An ode to our dedicated nurses

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At this very special time of year when nurses are celebrated all over the world, we here at NEWSCO wish to salute our nurses, extending our greatest appreciation for the wonderful work that they do. Theirs is a life of selflessness. Theirs is a life of sacrifice. Theirs is a profession in which they often go above and beyond the call of duty, with a remuneration that hardly equals the enormity of their work.  In other words, nurses are grossly underpaid, and the benefits that accrue to them, fall far short of what they are worth. Nonetheless, they persevere, tending to the wounded, administering medication, offering words of comfort and encouragement to those in physical distress and despair. Our nurses are doing God’s work.  It is a high calling.

Of course, Florence Nightingale, the acknowledged pioneer of modern nursing, who distinguished herself as a manager and trainer of nurses during the Crimean War, must be proud! She can rest easy.

These past two years were heart-wrenching ones for our nurses. They were at ground zero as patients suffering from Covid-19 struggled to breathe, many losing their sense of taste and becoming disoriented.  Some had to be put on respirators, and more than a few eventually succumbed to the deadly infection. Those were the days of fear and dread – our darkest hour. But mercifully, our nurses were manning the battlements. They courageously held the fort, and we can truly say, as did Sir Winston Churchill (a paraphrased version) of the British soldiers and all those involved in the heroic war effort against Nazi Germany, “Never in the field of human conflict, was so much owed to so few, by so many.” We owe our nurses an enormous debt of gratitude.

Quelle horreur, as the coronavirus raged, much like an insidious demon spawn, seeking whom it could devour. Alas! The bodies piling up. Talk of opening up a state-of-the-art hospital on Nugent Avenue . . . just in case. A refrigerated morgue on standby on the Holberton Hospital premises. Those afflicted with Covid-19, suffering and dying alone, away from family and friends on account of the deadly contagion. Many were summarily laid to rest, with little or no pomp and ceremony, again, away from all but the closest family members. These dreadful circumstances – the isolation, and the pain that those who were stricken must have suffered, made our grieving all the more unbearable. And every time that we heard the awful news from the health authorities – that another one of us had perished on account of the coronavirus and ‘pre-existing co-morbidities,’ a piece of us died. Indeed, as the bells tolled solemnly for the fallen, we could not help but think (as did John Donne in NO MAN IS AN ISLAND) that the bells were tolling for us as well.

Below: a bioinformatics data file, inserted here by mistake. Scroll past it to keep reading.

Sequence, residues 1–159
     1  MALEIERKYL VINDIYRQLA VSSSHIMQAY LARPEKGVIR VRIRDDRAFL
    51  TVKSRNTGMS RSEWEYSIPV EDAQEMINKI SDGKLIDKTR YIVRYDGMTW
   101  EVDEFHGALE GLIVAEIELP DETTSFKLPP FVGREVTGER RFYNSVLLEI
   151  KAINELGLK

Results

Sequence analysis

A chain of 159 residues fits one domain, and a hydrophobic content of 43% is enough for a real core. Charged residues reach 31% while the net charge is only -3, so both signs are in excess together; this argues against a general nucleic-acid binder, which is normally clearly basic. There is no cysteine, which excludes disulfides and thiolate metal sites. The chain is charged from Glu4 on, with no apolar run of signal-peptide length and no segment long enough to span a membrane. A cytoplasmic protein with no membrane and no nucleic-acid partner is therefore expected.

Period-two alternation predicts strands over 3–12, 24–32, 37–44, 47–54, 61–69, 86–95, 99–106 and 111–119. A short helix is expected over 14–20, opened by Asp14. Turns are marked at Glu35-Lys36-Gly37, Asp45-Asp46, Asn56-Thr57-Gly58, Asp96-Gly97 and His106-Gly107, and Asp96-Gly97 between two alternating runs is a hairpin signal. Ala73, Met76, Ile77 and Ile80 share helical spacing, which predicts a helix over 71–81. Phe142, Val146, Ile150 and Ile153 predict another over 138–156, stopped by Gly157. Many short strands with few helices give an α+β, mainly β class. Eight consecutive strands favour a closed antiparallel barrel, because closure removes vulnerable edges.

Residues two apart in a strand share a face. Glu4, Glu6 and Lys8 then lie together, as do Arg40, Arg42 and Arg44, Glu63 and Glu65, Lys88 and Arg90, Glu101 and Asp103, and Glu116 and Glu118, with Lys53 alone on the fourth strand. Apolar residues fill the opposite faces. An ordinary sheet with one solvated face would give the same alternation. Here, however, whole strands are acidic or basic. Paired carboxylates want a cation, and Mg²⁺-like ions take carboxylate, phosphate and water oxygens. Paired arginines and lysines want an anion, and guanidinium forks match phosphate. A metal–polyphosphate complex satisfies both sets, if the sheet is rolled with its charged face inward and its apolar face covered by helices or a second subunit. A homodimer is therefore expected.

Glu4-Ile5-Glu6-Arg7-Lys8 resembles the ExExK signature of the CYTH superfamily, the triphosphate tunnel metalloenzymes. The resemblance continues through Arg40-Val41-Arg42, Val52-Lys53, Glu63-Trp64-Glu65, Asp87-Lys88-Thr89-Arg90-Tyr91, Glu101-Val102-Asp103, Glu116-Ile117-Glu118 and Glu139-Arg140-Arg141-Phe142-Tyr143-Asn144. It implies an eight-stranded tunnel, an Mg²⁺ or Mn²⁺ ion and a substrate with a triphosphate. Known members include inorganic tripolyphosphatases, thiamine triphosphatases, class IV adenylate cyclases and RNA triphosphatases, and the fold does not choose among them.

But our nurses did not quit, never mind that it is not difficult to imagine that many must have pondered that very thought. After all, they are human. Indeed, some did consider leaving Antigua and Barbuda for greener, more lucrative nursing pastures abroad – pastures with more protections, and benefits and guarantees.  Nevertheless, for the most part, our nurses dutifully stayed put. They showed up for work, and much like the aforementioned Florence Nightingale, they fearlessly went from bed to bed, putting in long, lonely hours, attending to the needs of the sick, unheralded and unsung! These are some of the valiant heroes of our existential fight against the demon coronavirus! Long may their legend live!

Of course, they deserve to be handsomely rewarded with a decent hike in their wages, never mind that we perhaps cannot afford to adequately compensate them. But try, we must. And let us never take them for granted!

In that regard, we say a heartfelt ‘Thank you!’ to our nurses, and wish them an enjoyable and successful NURSES WEEK 2022. May they never be weary in well-doing!

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